Saturday, September 30, 2006

War of 1812 All Over Again

Several items in the news caught my attention this week. This morning CBC radio (french language version which I have adopted in my non-tv phase at the cottage) reports that the longest undefended border in the world, Canada with the USA, now is armed on one side for the first time since the War of 1812. Apparently the USA has established free fire zones in several sectors of the Great Lakes and has armed its Coast Guard vessels. In theory innocent boaters setting off from Canadian ports (remember I now have responsibility to speak to issues regarding Georgian Bay Islands National Park, with Lake Huron on the albeit distant horizon) may stray into the line of fire. Ouch! Reports also suggest, on a different front this time, that Canada's position of preeminence in terms of trade relations in the world (Canada USA trade being the largest between any two countries) has now taken a back seat to the China USA relationship which last month jumped into top spot. Nothing is sacrasanct it would seem. Also this week, our Minister of the Environment Rona Ambrose, Ron as her name was misspelled on several management memos this week, has announced a government crack down on air emissions from the oil and gas industry. Hope all the toxic clouds over the Great Lakes respect borders or they may get fired upon, no matter which country they are headed for! China this month is apparently exhibiting Chinese built cars at western auto shows. Are we on the cusp of the modern day version of the Japanese invasion? Great Wall, Geely and Chery may be replacing Honda and Toyota before you know it.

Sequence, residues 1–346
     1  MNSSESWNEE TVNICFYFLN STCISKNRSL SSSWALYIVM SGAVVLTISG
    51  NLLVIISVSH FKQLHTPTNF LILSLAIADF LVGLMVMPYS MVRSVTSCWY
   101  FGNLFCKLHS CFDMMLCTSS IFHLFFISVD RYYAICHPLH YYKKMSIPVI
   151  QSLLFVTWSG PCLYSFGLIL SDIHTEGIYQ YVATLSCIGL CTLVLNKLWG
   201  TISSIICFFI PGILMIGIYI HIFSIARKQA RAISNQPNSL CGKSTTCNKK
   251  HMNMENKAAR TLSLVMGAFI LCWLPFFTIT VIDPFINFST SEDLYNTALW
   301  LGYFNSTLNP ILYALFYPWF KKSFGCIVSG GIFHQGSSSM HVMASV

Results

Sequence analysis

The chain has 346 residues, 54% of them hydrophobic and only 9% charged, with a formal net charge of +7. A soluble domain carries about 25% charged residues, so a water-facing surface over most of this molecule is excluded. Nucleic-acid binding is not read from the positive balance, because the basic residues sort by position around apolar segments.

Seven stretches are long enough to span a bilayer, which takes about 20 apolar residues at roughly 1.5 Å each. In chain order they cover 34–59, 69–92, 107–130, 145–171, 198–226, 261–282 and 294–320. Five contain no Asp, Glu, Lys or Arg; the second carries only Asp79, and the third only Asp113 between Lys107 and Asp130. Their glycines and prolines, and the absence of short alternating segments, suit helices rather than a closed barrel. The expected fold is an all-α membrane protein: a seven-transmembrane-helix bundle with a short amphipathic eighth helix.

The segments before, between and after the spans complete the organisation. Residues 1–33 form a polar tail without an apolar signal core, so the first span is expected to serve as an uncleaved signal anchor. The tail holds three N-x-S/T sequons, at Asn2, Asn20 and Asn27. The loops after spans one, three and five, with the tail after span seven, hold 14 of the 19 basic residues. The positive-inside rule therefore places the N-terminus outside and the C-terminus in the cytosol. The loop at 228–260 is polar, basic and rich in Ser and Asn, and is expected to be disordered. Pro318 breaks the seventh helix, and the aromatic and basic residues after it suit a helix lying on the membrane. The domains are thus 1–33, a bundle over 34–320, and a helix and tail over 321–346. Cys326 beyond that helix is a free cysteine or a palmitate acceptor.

Saturday, September 23, 2006